Daily Devotional – May 15
Earthworms help plants by plowing, aerating, and fertilizing the soil. Earthworms dig burrows that help channel water and air throughout the soil. They drag plant matter (such as old leaves and grass) down into their burrows, which they eat along with huge amounts of soil. It has been estimated that 90% of the fallen leaves in an orchard are ultimately dragged underground by earthworms! The food is then digested, and the remains “cast” onto the surface of the ground in small balls. These worm castings are high in nitrogen that is vital for plant growth. An acre of land can contain as many as three million earthworms aerating and fertilizing the soil! Our home sits on a 3 acre lot. That means there are more worms on our little plot of land than the population of New York City (estimated at 8.4 million people).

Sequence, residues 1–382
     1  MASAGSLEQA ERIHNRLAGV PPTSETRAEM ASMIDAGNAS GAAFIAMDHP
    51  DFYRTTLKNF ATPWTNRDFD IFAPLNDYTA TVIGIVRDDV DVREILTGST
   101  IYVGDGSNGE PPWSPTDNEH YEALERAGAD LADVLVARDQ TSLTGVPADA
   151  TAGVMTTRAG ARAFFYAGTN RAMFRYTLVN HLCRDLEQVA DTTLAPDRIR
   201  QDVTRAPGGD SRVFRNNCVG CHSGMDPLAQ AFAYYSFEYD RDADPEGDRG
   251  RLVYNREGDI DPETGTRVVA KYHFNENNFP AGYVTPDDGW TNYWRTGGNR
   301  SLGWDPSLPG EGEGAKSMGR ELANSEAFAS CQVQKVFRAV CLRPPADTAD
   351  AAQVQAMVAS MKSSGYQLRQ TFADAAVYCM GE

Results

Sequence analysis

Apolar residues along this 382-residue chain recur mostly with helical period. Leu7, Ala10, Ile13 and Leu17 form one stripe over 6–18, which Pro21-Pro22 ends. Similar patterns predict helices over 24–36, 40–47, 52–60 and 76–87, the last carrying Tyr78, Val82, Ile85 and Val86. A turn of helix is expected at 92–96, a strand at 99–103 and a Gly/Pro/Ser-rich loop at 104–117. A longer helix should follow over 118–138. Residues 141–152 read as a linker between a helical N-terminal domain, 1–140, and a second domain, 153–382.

It has been estimated that every 300 - 400 years, every particle of soil on the top 16 inches of the earth’s surface has passed through an earthworm’s gut! How does evolution explain these tireless tillers? Did some earthworm just decide to start eating dirt one day in order to recycle plant material with tons of dirt and thereby provide nitrogen needed for plants? Hardly. God, the Grand Designer, knew that for us to exist on earth, we needed plants. So, God created these little creatures to plow, aerate, and fertilize the soil.
O give thanks unto the Lord; for he is good: because his mercy endureth forever.
~ Psalm 118:1
Source: "Pearls in Paradise" by authors Bruce Malone and Jule Von Vett
References for this devotional.